FEAST bee team together with Nakagyo Ward Office, RIHN PR Section and Open Team Science Project organized the 23rd RIHN Regional Community Seminar “Towards bee-friendly cities – co-creating urban futures” at Nakagyo Ward Office on November 4th. Kyoto Branch of Wild Bird Society of Japan and Public Interest Incorporated Association Kyoto City Greenery Association also played a vital part in this event as partners, and Japanese-Bee Weekend Beekeepers Club, NPO Citizens Environmental Foundation, Horikawa Midorino Machizukuri Kai (Horikawa re-greening club) and Rakusai Shizen Nouen (Rakusai natural farm) as supporters.
When the participants list filled up quickly during the registration period, we already got a hint that alike many other cities around the world, also in Kyoto the seminar’s topic of ‘a future with bees’ has gained greatly in public interest. Consequently, more than 100 attendees were willing to learn about bees, beekeeping and honey, observe a rooftop beehive, taste honey, and exchange with knowledgeable local community leaders at their booths and in the panel discussion time. As organizers we could not be happier with the outcome.
Just prior to the event, the hashtag #38やさしいまち (‘honeybee-friendly city’) had been created to collect in social networks all kinds of infos and examples on what makes cities livable for bees in Japan. Leading then with good example, we tweeted live a summary of the event and we hope to find more contributions from other actors and places following in the future.
The Regional Community Seminar started with a tour to the Nakagyoku Rooftop Garden offered by the volunteers of the Miyako Mitsubachi Beekeeping Club and the Nakagyo Flower and Rooftop Greening Club. The seminar was then opened by Mr. Teruo Matsuda, Nakagyo Ward Mayor, and Mr. Tetsuzo Yasunari, Director-General of the Institute for Humanity and Nature. In their speeches, Mr. Matsuda introduced their rooftop greening and beekeeping activities, and Mr. Yasunari emphasized how bees play a role in agriculture and the environment and also touched upon how Japanese bees are sensitive to the environment, which could be possibly employed as an index for global warming.
Rika Shinkai, RIHN Visiting Researcher, followed with a presentation introducing the situation of beekeeping and honeybees in Japan. With the support of the RIHN’s Director’s Young Researcher Fund, we carried out a survey with 700 citizens in Kyoto City and had found among many other aspects, that there is an increase in hobby beekeepers especially among retirees, younger generations would like to consume more honey, and there is a general openness for greening cities and organized urban beekeeping projects.
The event’s keynote lecture was delivered by best-selling author Ms. Kyoko Maeda. She introduced the medicinal value of honey as prevention of cold, nutritional supplement, treatment for chapped lips, skin protection and as such, and illuminated the fact that not many were aware of – that certain types of honey are designated as a medical product. She then practically taught on how to take in honey most effectively, and explained if you felt a bit burnt on throat when swallowing it down, your throat was already irritated/inflamed. She also emphasized that we should be fully informed of its producer, production site and source of nectar or honey plant when purchasing honey just like when purchasing vegetables.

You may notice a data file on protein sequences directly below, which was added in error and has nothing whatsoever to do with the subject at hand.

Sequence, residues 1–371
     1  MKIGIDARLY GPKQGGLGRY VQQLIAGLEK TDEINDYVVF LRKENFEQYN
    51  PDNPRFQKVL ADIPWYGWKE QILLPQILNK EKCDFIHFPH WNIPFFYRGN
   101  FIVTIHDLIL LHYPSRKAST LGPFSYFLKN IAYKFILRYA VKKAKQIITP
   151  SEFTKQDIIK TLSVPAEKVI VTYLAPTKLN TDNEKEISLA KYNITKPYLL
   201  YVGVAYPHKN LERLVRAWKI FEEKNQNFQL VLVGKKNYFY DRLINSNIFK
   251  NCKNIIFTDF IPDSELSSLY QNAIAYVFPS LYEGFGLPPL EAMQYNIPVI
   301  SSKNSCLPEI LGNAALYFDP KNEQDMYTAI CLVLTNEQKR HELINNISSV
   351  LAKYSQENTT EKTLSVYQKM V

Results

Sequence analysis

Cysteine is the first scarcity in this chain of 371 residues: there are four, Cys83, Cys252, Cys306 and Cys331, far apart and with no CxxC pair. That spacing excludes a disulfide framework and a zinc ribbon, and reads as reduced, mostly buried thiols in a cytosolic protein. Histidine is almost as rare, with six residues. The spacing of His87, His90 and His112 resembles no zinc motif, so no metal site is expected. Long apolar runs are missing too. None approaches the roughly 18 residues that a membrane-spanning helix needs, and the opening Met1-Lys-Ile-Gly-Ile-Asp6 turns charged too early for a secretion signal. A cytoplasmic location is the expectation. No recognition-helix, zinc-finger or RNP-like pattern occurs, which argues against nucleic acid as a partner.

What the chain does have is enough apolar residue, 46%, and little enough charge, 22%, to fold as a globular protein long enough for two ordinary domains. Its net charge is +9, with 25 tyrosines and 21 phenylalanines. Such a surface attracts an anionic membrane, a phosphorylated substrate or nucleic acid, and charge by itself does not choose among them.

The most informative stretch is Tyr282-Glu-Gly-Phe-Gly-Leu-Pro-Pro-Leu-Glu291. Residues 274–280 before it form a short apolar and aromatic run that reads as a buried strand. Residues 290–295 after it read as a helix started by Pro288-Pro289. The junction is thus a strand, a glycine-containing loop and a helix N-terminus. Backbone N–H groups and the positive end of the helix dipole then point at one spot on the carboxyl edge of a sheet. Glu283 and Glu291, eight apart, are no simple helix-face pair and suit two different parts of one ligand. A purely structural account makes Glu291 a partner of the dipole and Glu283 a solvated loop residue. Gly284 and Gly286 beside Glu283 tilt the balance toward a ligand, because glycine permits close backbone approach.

During the break time, all participants had the chance to mingle, ask questions to the presenters directly and interact at the booths in the back of the venue with the various, aforementioned civil society partners and supporters of this event, that are already actively working on a green, bee-friendly city. Furthermore, we displayed bee related books and provided four kinds of honey (Domestic apple, buckwheat, New Caledonia’s Pink Pepper, Kyrgyzstan’s White Honey) from Au Bon Miel in order for the participants to experience the taste differences directly.
The last part of the event was the panel discussion of four speakers that at first each introduced their own roles as bee-stakeholders:
-Mr. Isamu Nishimura (Director, Nakagyo Flower and Rooftop Greening Club) on measures on beekeeping at the rooftop of the Nakagyo Ward Office,
-Ms. Ayano Terada (Wild Bird Society of Japan, Kyoto Branch) on insects including bees and city from the perspective of a bird lover
-Mr. Saeki Masakazu (Organic farmer / JA Kyoto Shujakuno Branch Chief) on urban agriculture,
-Mr. Taisuke Tanaka (Greenery Promotion Section Chief, Greenery Policy Promotion Office, Kyoto City Construction Bureau) on park greening and improvement projects that Kyoto city had been working on.
This was followed by a round of questions collected from the floor such as “How can we keep bees at a housing complex such as apartment?”, “Are vegetables not being stolen in urban farm?”, “How can I participate in greening activities?”. And, Christoph Rupprecht, FEAST Senior Researcher and the facilitator, mentioned the possibility of having bee supporters, like the street tree supporters.
Lastly we are happy to announce that we successfully gained research funding to continue working together with the gained insight from this RIHN Regional Community Seminar. This means several participatory/action research style activities to be organized in which we can work together with stakeholders and discuss how to concretely move towards a bee-friendly Kyoto.
(The original post written partially in Japanese and English. Translated and edited by Yuko K.)
Please find the visual recording of the seminar from the link below (Japanese only):